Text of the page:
NEW YORK, NY (July 19, 2018) – The Department of Emergency Medicine at The Mount Sinai Hospital is the first in New York State to be accredited as a geriatric emergency department (ED) by the American College of Emergency Physicians (ACEP). Eight emergency departments in the nation received this accreditation, which is part of a nationwide effort to improve and standardize emergency care for elderly patients. Mount Sinai received a Level 1 (Gold) designation — the highest and most comprehensive level.
"Our geriatric emergency department is leading the way in New York, and we're proud to receive this recognition from the American College of Emergency Physicians," said Andy S. Jagoda, MD, Professor and Chair in the Department of Emergency Medicine at the Icahn School of Medicine at Mount Sinai.
According to the Emergency Care Research Institute, geriatric adults (65 and older) account for up to 25 percent of all ED visits, but their needs may not be met in a general ED. In his 2018 State of the State Report, New York Governor Andrew Cuomo set a goal to have 50 percent of all health systems "age-friendly" within the next five years, which would include the establishment of EDs better equipped to provide care to aging New Yorkers with cognitive and physical disabilities.
The ACEP accreditation has three levels with specific criteria, which include having physicians and nurses on staff with specialized geriatric training, ensuring appropriate environmental conditions, and implementing a geriatric quality improvement program.
"Our multidisciplinary team has social workers, case managers, physical therapists, pharmacists, physicians, and nurses who are working together and providing the best possible care to a population of patients with a multitude of needs," said Denise Nassisi, MD, Associate Professor in the Department of Emergency Medicine at the Icahn School of Medicine and Director of the Geriatric Emergency Department at The Mount Sinai Hospital.
Dr. Nassisi says current protocols for the geriatric ED include having a physical therapist screen patients for their risk of falling, a certified pharmacist review patients' medication history, and a team of physicians and nurses monitor patients for cognitive dysfunction, frailty, and other ailments unique to this patient population. A special section of the ED has modified lighting with skylights to admit sunlight during the day and dim lighting at night to promote sleep, nonskid flooring, extra handrails to help prevent falls, special mattresses that help prevent bedsores, reduced ambient noise, and curtains designed to minimize noise. Each year, more than 15,000 geriatric patients seek emergency care at The Mount Sinai Hospital, which is preparing to renovate and expand its Emergency Department.
"Mount Sinai's Geriatric Emergency Department has developed a robust program since the launch of the geriatric ED in 2012, when we became one of the first academic centers in the country to create a unit dedicated to delivering emergency care tailored to the needs of elderly patients," said Gallane Abraham, MD, Assistant Professor of Emergency Medicine at the Icahn School of Medicine at Mount Sinai and Associate Director of the Geriatric ED at The Mount Sinai Hospital. "As the baby boomers age, we are seeing more older patients with chronic disease who are living longer and coming to emergency departments across the country, which is why it's critical to provide specialized care."
The Department of Emergency Medicine at the Mount Sinai Health System is one of the largest in the country, comprising six hospital-based emergency departments, and is affiliated with Elmhurst Hospital Center, part of New York City's public health care system. The department has more than 180 faculty members and treats more than 600,000 patients annually. Its research division is ranked No. 2 in the country based on funding from the National Institutes of Health.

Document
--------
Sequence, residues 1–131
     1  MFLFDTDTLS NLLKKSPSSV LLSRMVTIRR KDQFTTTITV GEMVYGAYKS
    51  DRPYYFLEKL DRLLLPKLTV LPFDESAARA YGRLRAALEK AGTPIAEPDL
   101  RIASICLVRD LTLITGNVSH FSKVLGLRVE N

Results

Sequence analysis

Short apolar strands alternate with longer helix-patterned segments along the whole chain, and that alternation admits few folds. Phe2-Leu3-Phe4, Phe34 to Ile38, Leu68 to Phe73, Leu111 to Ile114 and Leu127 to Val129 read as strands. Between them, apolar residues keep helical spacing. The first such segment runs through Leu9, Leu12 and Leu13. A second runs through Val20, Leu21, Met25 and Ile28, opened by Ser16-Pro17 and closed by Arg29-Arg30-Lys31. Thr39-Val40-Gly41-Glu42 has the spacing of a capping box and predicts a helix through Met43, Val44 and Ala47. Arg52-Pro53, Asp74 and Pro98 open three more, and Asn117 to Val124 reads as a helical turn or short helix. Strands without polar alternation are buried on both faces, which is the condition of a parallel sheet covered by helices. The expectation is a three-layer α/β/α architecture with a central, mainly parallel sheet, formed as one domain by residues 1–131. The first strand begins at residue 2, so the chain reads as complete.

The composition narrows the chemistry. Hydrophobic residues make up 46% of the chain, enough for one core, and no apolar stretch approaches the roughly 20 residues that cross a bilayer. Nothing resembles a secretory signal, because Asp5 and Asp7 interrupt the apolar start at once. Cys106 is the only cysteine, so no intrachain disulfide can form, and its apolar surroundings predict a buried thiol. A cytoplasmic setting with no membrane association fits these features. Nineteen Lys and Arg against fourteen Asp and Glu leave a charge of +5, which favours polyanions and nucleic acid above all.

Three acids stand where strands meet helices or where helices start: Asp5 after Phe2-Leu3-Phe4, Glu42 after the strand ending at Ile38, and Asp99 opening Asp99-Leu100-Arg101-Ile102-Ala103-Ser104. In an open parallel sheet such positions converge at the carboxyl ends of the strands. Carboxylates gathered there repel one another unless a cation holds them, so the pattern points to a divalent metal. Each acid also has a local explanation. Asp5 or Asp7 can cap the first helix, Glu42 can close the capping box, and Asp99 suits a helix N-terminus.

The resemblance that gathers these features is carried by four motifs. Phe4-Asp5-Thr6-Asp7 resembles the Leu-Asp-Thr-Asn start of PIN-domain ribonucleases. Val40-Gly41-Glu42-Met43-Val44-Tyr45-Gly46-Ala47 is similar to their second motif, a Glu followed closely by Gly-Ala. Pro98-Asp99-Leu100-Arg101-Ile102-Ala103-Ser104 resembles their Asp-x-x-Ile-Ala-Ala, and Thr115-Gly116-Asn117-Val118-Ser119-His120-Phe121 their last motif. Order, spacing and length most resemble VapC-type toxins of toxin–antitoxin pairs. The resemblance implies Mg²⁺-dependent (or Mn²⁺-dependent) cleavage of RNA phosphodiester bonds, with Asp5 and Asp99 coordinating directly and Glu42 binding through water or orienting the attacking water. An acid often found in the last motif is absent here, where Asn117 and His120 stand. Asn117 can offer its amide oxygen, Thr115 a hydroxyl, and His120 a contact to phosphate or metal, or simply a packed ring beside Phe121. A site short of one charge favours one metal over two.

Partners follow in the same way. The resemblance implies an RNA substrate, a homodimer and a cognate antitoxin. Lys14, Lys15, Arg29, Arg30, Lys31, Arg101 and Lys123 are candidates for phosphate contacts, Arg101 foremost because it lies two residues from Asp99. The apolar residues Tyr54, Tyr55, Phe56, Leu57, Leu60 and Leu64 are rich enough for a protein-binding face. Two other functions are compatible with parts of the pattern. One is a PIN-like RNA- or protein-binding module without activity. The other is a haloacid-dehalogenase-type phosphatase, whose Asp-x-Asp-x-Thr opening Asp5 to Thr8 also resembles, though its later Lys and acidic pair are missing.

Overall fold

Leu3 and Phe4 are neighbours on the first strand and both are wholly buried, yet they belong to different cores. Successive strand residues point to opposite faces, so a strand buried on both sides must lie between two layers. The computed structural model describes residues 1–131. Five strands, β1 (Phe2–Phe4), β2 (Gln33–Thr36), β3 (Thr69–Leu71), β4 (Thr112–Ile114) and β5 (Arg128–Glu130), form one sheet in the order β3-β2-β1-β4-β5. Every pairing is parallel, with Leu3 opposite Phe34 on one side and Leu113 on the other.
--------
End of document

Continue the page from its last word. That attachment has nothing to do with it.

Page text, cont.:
About the Mount Sinai Health System
The Mount Sinai Health System is New York City's largest integrated delivery system encompassing seven hospital campuses, a leading medical school, and a vast network of ambulatory practices throughout the greater New York region. Mount Sinai's vision is to produce the safest care, the highest quality, the highest satisfaction, the best access and the best value of any health system in the nation. The System includes approximately 6,600 primary and specialty care physicians; 10 joint-venture ambulatory surgery centers; more than 140 ambulatory practices throughout the five boroughs of New York City, Westchester, Long Island, and Florida; and 31 affiliated community health centers. The Icahn School of Medicine is one of three medical schools that have earned distinction by multiple indicators: ranked in the top 20 by U.S. News & World Report's "Best Medical Schools", aligned with a U.S. News & World Report's "Honor Roll" Hospital, No. 13 in the nation for National Institutes of Health funding, and among the top 10 most innovative research institutions as ranked by the journal Nature in its Nature Innovation Index. This reflects a special level of excellence in education, clinical practice, and research. The Mount Sinai Hospital is ranked No. 18 on U.S. News & World Report's "Honor Roll" of top U.S. hospitals; it is one of the nation's top 20 hospitals in Cardiology/Heart Surgery, Diabetes/Endocrinology, Gastroenterology/GI Surgery, Geriatrics, Nephrology, and Neurology/Neurosurgery, and in the top 50 in four other specialties in the 2017-2018 "Best Hospitals" issue. Mount Sinai's Kravis Children's Hospital also is ranked nationally in five out of ten pediatric specialties by U.S. News & World Report. The New York Eye and Ear Infirmary of Mount Sinai is ranked 12th nationally for Ophthalmology and 50th for Ear, Nose, and Throat, while Mount Sinai Beth Israel, Mount Sinai St. Luke's and Mount Sinai West are ranked regionally.
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